So, this should be treated as a warning: DO NOT ATTEMPT TO RUN DoNotSpy10 (also because there are hardly unconditionally “free” things in this world!).

  • Mathew

    [@Sam] It is a legit tool and the pioneer of any anti-spying Windows 10 tool. It’s not open source. It’s made by a German team called pXc-coding.

    The tool has gone viral over the last few days and many trusted sources are sharing the tool. It definitely works.

    There are third-party programs you can opt out of installing during the installation. The tool is supported by advertising those third-party programs.

  • Sam

    Did you test if this program really works? How can I check this myself? Is it open source?

  • MIke S.

    I just read today that some peole are having an issue with a new Win10 cumulative update. Apparently, because of Win10’s automatic updating, when the new update results in a glitch, the system tries to uninstall the update but then goes back to try to reinstall, etc., etc., caught in a vicious loop due to the mandatory updating setting. The author of the article felt that this situation showed how the new mandatory updating coud cause issues (in addition to those commented upon others earlier, with a bad update mandatorily getting placed on everyone’s PC).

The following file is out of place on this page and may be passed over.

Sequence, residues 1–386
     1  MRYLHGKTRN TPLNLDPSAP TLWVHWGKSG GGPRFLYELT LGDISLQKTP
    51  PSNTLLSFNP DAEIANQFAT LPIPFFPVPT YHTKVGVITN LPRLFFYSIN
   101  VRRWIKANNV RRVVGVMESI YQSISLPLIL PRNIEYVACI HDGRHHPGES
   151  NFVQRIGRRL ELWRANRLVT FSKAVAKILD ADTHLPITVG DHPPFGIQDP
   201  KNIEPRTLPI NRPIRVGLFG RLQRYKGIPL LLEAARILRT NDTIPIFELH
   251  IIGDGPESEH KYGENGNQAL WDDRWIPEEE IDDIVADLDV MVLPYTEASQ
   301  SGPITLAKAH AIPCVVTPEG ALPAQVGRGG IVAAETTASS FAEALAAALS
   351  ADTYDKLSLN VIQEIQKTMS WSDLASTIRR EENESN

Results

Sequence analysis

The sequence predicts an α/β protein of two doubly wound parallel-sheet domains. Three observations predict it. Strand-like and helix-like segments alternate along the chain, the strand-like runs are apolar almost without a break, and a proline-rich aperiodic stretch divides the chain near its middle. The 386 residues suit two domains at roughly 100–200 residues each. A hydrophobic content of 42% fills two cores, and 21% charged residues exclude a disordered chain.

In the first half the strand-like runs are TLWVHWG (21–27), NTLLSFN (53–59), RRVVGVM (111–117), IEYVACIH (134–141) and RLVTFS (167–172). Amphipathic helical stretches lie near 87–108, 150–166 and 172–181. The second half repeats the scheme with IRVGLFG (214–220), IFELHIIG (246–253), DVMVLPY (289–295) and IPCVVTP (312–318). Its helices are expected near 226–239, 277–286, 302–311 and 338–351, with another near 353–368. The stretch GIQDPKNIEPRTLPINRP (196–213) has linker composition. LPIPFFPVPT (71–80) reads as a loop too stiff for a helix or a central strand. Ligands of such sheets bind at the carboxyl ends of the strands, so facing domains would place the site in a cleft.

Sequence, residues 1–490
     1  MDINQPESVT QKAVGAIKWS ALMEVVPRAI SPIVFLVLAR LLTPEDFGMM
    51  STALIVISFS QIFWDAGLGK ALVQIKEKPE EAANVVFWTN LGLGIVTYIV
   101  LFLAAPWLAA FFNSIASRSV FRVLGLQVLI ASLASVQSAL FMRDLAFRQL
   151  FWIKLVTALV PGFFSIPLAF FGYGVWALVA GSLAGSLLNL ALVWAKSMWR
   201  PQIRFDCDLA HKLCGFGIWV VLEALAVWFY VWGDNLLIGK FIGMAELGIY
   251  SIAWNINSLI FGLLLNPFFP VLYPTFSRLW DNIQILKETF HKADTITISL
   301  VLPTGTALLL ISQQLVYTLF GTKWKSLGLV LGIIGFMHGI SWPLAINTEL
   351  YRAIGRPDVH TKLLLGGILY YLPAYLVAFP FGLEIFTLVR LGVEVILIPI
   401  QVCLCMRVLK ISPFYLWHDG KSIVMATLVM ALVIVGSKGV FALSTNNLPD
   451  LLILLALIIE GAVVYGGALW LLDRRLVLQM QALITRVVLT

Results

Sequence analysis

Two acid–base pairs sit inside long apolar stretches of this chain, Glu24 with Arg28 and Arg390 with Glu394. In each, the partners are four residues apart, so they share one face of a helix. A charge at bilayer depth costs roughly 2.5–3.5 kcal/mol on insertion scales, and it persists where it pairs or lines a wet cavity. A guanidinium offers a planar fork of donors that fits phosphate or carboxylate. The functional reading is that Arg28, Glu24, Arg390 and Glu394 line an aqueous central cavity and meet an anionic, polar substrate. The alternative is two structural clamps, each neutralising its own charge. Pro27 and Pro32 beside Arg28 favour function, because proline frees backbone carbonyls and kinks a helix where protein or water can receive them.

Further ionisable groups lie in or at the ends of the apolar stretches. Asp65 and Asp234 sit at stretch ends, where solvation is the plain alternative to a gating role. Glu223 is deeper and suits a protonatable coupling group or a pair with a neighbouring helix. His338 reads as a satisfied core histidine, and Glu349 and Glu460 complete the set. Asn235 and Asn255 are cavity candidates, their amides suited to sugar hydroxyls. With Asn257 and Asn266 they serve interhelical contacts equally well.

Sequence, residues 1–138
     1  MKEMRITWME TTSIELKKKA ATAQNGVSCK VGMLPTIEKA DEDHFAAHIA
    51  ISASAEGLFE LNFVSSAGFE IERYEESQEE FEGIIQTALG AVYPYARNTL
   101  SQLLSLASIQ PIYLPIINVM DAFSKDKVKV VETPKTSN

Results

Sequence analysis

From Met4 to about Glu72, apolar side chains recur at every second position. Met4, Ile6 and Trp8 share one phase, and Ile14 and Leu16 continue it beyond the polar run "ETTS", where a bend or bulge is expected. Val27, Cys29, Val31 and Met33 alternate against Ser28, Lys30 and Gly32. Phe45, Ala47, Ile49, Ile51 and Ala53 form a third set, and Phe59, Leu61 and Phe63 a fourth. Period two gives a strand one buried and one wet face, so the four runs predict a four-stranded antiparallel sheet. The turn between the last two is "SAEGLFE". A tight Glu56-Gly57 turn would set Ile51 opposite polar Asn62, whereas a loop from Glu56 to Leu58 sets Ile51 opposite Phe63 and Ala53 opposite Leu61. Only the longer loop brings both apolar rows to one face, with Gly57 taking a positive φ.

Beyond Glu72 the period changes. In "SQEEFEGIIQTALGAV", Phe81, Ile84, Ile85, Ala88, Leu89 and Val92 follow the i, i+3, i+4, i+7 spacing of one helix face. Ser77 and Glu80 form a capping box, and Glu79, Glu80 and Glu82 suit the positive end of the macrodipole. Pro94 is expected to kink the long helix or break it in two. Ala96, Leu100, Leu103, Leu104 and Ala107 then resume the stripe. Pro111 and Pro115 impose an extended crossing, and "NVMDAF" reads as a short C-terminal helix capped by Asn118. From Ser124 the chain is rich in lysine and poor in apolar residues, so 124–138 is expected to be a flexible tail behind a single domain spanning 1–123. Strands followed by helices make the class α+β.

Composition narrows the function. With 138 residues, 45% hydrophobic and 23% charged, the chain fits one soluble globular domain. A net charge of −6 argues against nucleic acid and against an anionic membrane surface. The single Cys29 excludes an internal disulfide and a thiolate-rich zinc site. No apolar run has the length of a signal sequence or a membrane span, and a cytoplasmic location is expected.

• Mathew

    [@John]
    Hi John,

    Thanks for the kind words.

    There are a few things you can try manually, although the list on offer is far less advanced as the tool itself.

    Try heading to Settings, followed by Privacy and turn off options from the list as you see fit.

  • John

    This program installed open candy, which is an issue in of itself. Do you have the directions for doing these manually? Your articles tend to be pretty awesome and relying on third party tools for many of these features seem unnecessary.

  • Mike S.

    Interesting software there–thanks! As a Win10 neophyte, I guess one question that I would have is the unexpected effect of some of the disable options.

    I do find of interest, one of the options is to turn off Automatic Windows Updates–given that some people have objected to Microsoft’s forcing of updates with Win10, some may especially find this option intriguing.